Thursday, February 11, 2010
Dumas père, La Reine Margot (1848)
I hadn’t read any of Dumas’s novels since I was in high school, when I read them voraciously. So, how would I react to them after having read so widely in modern literature and developed (I hope) pretty sophisticated literary tastes? After all, Dumas is dismissed as a writer of silly action novels, written in factory circumstances with a team of co-writers and researchers.
Well, based on rereading La Reine Margot, I still think Dumas is terrific and look forward to rereading more. La Reine Margot is, I believe, the most perfect historical novel ever. Why?
1. It’s about an amazing piece of history, starting with the Saint Bartholomew massacre of Huguenots to the death of Charles IX and the accession of Henri III, his brother and the last of the Valois dynasty. Even more important is a duel of wits between Catherine De’ Medici, that fascinating mother of three kings, all of whom she survived, and the future Henri IB, at that point titular King of Navarre and famous for his cleverness at avoiding death. Finally, there is the beautiful and passionate Marguerite de Navarre, the sister of Charles IX and the daughter of Catherine De' Medici, and the wife of Henri de Navarre. While she pursues love elsewhere, she works with her husband to foil her mother’s attempts to have him killed.
2. It’s actually pretty historically accurate as far as U can tell. Marguerite’s lover de Mole was not a Huguenot who escapes the massacre in her bedchamber as the novel has it, bur rather himself a bigoted Catholic. On the other and, Marguerite did hide another Huguenot during the riots. There is no proof that Catherine mistakenly killed her own son by poison, but there certainly was a rumor to that effect. The chronology of the novel is handled “creatively’ at points.
3. Nevertheless, much of the novel is based on fact. Unlike most historical novels, all of the characters of any significance (except for a few servants) and there are almost dozen of them) are real historical figures. And their characters are very much in keeping with the real ones, as far as I can tell the weak-wiled and treacherous Duke of Alençon, for example, another son of Catherine, was exactly that on real life.
4. The structure of the novel is perfection. Although it involves many characters and many actions, and even though it is constrained, for the most part, by historical events, it ha san amazingly centered and coherent, with no digressions and no history lesson. All of the action takes place within Paris, and much of it within the walls of the Louvre. The fates of each of the characters are spelled out, not left hanging.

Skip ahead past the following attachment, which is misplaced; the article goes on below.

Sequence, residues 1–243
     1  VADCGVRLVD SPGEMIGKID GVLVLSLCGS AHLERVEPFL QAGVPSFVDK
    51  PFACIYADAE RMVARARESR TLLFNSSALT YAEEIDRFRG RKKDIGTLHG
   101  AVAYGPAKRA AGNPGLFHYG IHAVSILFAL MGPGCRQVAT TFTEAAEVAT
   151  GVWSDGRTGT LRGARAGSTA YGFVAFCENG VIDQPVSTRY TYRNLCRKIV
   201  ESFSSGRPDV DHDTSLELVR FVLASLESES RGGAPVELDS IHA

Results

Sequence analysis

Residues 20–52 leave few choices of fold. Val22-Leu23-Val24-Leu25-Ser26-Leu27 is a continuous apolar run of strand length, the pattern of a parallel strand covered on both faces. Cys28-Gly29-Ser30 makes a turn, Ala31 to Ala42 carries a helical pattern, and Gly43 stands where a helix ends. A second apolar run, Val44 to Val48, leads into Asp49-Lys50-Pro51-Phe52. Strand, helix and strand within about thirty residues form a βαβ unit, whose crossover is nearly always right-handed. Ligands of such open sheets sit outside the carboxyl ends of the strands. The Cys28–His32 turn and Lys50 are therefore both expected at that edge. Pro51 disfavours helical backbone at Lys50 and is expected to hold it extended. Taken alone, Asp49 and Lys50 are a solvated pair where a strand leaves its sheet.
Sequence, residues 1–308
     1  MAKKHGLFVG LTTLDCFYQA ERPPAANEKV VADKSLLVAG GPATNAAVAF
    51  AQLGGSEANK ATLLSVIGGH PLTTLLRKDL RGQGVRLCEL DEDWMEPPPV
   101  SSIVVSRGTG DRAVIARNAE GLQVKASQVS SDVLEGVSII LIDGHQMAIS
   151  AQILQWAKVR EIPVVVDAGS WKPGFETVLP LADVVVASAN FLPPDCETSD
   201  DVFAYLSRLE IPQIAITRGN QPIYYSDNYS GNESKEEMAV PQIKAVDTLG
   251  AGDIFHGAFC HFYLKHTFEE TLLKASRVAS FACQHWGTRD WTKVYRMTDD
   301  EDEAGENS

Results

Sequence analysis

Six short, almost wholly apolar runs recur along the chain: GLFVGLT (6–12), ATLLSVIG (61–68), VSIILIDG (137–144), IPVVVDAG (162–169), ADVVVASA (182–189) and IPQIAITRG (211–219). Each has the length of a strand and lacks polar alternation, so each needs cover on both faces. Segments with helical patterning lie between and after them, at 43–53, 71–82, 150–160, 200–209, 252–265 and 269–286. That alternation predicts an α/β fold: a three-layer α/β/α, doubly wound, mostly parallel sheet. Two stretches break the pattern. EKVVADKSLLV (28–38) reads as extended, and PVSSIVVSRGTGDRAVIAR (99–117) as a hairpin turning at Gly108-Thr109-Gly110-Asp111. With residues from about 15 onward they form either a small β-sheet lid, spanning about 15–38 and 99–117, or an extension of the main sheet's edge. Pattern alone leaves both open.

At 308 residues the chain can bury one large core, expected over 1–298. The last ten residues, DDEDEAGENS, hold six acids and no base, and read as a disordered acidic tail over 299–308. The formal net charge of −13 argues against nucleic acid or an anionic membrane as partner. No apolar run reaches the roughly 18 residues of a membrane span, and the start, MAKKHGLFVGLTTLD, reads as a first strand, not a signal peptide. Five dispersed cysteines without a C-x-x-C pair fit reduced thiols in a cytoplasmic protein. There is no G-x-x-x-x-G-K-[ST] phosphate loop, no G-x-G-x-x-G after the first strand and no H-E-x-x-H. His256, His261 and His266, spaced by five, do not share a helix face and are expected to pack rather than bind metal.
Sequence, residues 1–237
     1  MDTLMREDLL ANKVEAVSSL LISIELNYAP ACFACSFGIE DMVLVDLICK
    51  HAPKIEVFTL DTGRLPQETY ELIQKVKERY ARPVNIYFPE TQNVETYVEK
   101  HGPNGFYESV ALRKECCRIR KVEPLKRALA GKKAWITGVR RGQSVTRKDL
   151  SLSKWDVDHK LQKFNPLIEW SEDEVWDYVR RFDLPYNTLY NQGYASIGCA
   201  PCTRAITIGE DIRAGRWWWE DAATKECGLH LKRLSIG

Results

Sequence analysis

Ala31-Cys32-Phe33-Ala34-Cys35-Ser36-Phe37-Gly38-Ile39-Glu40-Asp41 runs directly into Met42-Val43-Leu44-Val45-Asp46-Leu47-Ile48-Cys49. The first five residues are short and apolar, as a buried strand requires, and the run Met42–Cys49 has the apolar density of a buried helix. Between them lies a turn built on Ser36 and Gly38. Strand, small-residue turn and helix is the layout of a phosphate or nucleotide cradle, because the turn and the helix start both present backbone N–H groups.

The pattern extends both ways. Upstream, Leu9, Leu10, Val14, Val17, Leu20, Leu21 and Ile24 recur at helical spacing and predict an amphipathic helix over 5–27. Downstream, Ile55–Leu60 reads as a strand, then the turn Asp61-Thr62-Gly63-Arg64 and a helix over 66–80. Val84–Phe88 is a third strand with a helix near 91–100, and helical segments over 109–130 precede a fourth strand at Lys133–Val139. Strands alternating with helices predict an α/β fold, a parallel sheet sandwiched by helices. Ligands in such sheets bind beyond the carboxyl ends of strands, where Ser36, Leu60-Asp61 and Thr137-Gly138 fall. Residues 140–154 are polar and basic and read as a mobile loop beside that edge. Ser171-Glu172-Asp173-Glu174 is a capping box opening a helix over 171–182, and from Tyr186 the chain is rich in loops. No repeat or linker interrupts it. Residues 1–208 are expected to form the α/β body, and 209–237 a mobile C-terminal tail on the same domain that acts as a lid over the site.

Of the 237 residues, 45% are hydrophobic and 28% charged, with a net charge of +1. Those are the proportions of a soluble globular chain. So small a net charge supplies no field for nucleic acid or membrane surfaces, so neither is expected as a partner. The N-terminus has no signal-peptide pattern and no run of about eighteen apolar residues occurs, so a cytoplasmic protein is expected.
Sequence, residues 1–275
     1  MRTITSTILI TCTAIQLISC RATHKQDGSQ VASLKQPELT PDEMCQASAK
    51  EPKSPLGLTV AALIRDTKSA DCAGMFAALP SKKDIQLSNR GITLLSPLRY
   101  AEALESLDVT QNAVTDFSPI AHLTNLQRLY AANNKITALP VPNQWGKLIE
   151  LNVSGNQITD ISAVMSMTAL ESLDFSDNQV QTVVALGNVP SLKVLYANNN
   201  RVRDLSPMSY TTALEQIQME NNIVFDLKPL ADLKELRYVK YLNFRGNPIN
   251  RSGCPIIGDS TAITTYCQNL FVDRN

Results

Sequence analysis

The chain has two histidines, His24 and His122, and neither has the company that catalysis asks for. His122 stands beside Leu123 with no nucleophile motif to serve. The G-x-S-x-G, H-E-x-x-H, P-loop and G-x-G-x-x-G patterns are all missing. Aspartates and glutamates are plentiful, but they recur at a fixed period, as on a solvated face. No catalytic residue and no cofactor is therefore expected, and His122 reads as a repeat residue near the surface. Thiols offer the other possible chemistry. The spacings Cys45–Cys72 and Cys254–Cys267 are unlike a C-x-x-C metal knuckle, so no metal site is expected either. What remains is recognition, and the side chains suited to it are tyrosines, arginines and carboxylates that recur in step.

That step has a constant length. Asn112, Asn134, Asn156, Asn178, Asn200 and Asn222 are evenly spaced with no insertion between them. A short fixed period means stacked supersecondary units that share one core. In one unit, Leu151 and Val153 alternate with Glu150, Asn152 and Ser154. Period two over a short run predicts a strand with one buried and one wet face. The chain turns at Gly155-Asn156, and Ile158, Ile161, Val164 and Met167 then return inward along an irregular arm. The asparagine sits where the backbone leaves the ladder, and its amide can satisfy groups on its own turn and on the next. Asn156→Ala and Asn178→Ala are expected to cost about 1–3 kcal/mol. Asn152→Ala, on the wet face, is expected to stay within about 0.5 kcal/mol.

5. True, the novel has the melodramatic and Gothic trappings you’d expect: conspiracies, torture chambers, secret passages, trap doors, ambushes, disguises, poisoned books and poisoned lipstick. But it also has subtle verbal exchanges, some real comedy, and multi=dimensional characters., with dialog that is the opposite of bombast.
6. Dumas is an excellent dramatist. And he had a score of successful dramas and comedies. His first success was as in a theater, with a play about Henri III, a play as ground-breaking as Hugo's more famous Hernani. It was almost twenty years later that he published the Three Musketeers and obtained fame as a novel, his second career. As a dramatist, Dumas knows how to set up a scene, and there are dozens of exciting ones. These include the night of the massacre, nighttime love assignations, divinations, escapes, court balls, and, above all, an exciting hunt where Navarre saves the life of Charles X by killing a wild boar that was about to finish the king off. Even quiet scenes, such as Charles and Henri's visit to Charles’ mistress, where he shows off the illegitimate (and only) son, making Navarre vow to protect it.
7. The unity extends to a smoothness of style that presents the narrative with a single voice. Dumas may have written collaboratively, but there’s no doubt who is in control here.
L a Reine Margot is a treasure, It’s escapists, yes, but it’s in no way is it a less artistic creation than any of the other books I have read.